Performance of cogeneration gasification combined-cycle power plants employing biomass as fuel

Yrjö Solantausta, Tuula Mäkinen, Esa Kurkela, Paterson McKeough

    Research output: Chapter in Book/Report/Conference proceedingConference article in proceedingsScientificpeer-review


    The objectives of this study were: preparation of the process design and flowsheets, and mass and energy balances for three biomass fuelled gasification combined cycle (GCC) power plants, two employing wood and one employing kraft black liquor; comparison of the new technologies with conventional technology; and a continued development of a consistent set of assessments of biomass fuelled combined-cycle power plants under development. This study complements two major experimental research projects that are being carried out at the Laboratory of Fuel and Process Technology of the Technical Research Centre of Finland (VTF) concerning black liquor and biomass gasification and gas cleaning for gas turbine applications. A process analysis computer program, ASPEN PLUSTM by Aspen Technology, Inc., was used as the basic framework for performing the energy and material balances. Although ASPEN was not developed especially for power plant design, the features of GCC make ASPEN quite suitable for this application. The cogeneration GCC power plant concepts for district-heating applications employ a pressurized, wood fired, air-blown fluidized-bed gasifier. Two cases have been studied. One concept is considered to represent a near-term level of technology. In the other concept, the gas is cleaned at a high temperature, and the gas turbine combustion temperature is higher than that practised today. The power-to-heat ratio of the wood GCC’s are 0.89 and 0.96, respectively. A typical power-to-heat ratio for a conventional steam-cycle cogeneration power plant is 0.5. In the black liquor GCC power plant concept the recovery boiler of a pulp mill is replaced by the gasifier. The gasification and the gas cleaning are carried out under pressure. The power ratio-to-heat ratio of the GCC is 0.70 compared to 0.27 for the conventional recovery boiler steam-cycle system. The evolving GCC technologies have a good potential for contributing to future power production. In district heating applications (as practised in Nordic countries), cogeneration power production may be doubled with biomass GCC’s. In the pulp and paper industry, power requirements are increasing and the process steam consumption is decreasing, and hence, the black liquor GCC should be a favourable option in the future.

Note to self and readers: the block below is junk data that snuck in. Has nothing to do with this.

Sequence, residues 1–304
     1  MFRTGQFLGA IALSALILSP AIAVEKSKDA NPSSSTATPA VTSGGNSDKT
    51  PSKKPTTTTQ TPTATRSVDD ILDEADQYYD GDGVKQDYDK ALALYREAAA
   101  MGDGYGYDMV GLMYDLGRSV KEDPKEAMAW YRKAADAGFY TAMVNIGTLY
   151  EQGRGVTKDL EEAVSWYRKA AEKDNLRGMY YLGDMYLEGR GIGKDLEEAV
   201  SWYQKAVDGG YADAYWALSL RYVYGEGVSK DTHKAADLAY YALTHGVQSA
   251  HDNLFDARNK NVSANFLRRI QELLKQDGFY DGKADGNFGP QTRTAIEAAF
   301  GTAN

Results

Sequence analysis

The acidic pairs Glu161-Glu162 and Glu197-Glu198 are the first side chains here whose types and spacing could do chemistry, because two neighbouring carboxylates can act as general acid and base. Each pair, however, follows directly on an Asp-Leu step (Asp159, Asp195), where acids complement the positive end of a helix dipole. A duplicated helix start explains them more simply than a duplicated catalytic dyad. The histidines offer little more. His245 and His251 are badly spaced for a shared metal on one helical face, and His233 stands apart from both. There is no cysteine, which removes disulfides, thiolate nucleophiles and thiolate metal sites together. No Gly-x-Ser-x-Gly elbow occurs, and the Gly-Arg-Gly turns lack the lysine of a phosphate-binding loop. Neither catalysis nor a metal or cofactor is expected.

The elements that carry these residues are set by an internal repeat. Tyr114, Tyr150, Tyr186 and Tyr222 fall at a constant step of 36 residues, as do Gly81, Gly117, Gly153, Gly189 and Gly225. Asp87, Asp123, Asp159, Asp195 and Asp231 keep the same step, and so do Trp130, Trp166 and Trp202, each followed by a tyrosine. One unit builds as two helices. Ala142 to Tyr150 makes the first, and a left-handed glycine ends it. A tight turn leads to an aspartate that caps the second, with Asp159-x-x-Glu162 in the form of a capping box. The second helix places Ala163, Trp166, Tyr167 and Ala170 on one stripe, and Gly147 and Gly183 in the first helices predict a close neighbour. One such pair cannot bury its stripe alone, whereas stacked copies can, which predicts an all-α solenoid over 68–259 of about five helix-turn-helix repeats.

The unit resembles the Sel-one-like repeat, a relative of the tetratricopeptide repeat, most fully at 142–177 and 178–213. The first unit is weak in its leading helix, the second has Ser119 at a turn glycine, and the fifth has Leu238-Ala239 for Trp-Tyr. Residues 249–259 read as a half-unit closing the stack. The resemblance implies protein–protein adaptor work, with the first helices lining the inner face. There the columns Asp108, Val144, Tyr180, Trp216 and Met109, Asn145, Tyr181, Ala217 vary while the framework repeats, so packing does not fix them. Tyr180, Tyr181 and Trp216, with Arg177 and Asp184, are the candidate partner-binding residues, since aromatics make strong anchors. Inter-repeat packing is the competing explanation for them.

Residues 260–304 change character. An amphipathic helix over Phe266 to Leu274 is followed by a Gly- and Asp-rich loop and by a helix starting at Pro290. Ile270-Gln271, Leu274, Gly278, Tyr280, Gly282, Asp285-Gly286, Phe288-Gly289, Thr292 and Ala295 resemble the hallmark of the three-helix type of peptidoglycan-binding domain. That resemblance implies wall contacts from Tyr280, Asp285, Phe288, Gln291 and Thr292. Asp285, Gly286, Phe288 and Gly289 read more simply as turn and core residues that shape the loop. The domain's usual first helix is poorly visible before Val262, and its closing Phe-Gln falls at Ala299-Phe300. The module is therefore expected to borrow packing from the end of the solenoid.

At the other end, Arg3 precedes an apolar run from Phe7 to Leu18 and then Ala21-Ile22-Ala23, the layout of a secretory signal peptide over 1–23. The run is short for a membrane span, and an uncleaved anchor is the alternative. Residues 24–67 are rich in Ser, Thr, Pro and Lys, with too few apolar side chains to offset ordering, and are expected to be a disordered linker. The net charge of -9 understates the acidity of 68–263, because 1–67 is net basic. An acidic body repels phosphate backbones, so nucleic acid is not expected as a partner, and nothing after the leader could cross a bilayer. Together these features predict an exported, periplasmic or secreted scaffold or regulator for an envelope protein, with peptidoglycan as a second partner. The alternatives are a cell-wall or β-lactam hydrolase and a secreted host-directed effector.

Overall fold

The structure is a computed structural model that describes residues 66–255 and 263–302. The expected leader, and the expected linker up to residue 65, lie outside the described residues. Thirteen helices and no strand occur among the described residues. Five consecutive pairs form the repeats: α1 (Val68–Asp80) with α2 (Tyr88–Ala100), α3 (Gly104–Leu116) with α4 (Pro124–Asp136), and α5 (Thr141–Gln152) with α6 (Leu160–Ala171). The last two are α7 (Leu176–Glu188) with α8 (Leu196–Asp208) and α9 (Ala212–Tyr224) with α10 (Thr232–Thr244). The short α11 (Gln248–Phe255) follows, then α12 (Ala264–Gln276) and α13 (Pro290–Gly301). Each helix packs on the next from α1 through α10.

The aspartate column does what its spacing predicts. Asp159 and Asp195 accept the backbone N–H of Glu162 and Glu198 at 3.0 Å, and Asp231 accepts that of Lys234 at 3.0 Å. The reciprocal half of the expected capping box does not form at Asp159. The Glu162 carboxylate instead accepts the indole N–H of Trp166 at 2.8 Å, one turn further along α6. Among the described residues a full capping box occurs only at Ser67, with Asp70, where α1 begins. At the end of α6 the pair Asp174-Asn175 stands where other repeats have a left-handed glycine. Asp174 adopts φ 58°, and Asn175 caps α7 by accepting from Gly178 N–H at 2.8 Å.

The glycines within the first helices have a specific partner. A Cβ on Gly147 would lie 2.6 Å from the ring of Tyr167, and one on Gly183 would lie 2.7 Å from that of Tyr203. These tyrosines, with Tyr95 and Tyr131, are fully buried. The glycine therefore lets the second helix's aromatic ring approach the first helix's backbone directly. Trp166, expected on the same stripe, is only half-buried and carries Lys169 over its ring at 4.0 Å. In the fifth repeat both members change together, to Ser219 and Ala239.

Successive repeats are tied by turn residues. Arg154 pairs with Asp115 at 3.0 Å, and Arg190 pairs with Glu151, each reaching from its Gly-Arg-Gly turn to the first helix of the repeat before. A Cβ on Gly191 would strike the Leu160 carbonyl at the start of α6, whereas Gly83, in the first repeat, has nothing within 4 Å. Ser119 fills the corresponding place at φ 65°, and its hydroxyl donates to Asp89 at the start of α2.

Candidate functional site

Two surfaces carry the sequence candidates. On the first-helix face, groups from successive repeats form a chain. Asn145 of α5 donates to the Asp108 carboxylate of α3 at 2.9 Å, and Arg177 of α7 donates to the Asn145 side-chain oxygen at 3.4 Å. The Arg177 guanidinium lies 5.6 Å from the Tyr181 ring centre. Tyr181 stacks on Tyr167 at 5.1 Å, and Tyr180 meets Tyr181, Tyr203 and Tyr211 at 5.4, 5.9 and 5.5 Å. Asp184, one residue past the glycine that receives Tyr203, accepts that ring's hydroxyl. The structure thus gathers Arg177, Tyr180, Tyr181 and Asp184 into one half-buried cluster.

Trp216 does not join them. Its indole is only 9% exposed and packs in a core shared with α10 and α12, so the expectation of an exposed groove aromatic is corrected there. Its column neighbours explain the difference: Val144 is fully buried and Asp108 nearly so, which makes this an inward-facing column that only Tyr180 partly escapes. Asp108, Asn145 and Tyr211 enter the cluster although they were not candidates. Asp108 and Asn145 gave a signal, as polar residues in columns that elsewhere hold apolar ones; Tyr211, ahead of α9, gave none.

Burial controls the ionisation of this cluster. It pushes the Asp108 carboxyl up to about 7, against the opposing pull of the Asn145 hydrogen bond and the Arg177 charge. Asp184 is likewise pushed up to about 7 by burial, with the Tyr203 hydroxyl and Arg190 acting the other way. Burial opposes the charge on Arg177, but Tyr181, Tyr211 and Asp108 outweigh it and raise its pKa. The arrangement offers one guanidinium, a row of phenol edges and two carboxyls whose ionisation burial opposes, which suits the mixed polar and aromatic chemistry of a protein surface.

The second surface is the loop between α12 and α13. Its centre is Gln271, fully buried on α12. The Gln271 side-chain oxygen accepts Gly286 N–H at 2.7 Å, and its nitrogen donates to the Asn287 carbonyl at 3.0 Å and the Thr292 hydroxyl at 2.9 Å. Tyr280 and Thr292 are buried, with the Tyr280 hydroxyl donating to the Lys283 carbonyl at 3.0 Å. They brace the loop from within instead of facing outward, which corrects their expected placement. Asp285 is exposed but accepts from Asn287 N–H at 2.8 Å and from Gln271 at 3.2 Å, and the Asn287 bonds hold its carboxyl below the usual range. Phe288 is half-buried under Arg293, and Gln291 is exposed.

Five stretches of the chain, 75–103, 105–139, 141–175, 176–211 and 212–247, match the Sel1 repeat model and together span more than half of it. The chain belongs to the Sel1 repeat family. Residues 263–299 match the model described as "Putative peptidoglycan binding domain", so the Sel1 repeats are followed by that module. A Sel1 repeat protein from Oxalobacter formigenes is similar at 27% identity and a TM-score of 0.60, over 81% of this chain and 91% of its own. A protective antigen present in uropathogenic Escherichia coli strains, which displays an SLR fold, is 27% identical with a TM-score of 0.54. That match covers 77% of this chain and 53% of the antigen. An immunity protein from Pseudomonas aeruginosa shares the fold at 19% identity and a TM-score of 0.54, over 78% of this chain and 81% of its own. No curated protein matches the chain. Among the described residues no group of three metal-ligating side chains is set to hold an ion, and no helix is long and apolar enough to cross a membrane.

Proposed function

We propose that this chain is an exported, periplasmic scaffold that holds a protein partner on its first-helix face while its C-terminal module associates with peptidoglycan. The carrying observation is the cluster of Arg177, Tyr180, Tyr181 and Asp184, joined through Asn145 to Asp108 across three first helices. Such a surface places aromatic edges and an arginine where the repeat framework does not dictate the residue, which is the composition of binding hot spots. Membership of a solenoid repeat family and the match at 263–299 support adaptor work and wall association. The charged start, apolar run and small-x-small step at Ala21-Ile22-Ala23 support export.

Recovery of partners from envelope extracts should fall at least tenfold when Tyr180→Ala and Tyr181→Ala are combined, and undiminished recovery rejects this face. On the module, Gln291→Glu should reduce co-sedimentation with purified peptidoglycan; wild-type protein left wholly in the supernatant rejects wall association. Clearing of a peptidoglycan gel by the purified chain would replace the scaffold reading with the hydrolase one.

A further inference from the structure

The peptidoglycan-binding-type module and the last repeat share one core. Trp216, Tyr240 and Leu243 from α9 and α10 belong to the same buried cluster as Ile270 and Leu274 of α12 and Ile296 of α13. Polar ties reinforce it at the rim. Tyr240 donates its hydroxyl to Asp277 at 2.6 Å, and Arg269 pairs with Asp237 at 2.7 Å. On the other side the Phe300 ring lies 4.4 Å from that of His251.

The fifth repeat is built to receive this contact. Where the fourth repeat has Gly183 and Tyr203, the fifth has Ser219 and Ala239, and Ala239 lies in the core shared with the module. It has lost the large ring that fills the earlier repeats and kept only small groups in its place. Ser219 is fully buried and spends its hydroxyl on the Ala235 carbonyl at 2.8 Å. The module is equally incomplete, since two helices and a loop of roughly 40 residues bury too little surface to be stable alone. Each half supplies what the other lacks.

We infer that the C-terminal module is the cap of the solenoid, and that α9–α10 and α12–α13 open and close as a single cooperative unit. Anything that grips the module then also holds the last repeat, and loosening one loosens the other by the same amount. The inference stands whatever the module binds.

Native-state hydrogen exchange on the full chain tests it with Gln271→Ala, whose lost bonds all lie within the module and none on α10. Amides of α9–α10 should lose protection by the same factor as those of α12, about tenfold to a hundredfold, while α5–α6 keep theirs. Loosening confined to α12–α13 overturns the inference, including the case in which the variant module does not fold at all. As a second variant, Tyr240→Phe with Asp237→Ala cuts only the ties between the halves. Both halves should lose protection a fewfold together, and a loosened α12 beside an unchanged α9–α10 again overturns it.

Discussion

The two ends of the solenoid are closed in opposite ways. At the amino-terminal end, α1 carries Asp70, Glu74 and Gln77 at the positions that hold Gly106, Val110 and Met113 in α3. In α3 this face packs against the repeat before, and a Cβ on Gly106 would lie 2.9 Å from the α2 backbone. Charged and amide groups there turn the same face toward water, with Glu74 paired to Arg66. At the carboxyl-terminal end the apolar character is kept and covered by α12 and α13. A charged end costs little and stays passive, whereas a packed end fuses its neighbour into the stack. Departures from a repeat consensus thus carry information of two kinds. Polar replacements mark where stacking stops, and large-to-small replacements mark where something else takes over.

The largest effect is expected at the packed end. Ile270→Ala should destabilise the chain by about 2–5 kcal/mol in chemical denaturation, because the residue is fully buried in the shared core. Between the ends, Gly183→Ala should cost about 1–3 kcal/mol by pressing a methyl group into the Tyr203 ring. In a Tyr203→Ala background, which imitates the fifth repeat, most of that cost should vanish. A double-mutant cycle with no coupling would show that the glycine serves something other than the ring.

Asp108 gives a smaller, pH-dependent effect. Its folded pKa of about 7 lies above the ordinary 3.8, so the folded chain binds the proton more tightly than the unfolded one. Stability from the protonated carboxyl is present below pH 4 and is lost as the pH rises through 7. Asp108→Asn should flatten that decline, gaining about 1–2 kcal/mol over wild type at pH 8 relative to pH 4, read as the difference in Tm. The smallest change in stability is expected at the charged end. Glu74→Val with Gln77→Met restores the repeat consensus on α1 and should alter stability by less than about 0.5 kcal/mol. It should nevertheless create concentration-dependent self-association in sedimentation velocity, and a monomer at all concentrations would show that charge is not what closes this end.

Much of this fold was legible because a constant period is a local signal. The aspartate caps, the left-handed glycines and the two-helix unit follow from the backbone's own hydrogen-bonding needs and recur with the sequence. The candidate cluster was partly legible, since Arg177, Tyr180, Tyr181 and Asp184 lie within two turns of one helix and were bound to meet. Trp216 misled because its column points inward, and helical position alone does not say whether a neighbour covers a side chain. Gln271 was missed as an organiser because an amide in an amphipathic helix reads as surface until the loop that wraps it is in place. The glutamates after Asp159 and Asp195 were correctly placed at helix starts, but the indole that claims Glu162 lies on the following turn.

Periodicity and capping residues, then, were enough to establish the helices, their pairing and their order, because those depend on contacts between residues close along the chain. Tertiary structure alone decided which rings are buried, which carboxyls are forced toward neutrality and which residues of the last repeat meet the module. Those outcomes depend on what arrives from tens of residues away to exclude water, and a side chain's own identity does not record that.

Original languageEnglish
    Title of host publicationAdvances in Thermochemical Biomass Conversion
    EditorsAnthony V. Bridgewater
    Place of PublicationDordrecht
    ISBN (Electronic)978-94-011-1336-6
    ISBN (Print)978-94-010-4582-7
    Publication statusPublished - 1994
    MoE publication typeA4 Article in a conference publication
    EventInternational Conference on Advances in Thermochemical Biomass Conversion - Interlaken, Switzerland
    Duration: 11 May 199215 May 1992


    ConferenceInternational Conference on Advances in Thermochemical Biomass Conversion


    • gasification


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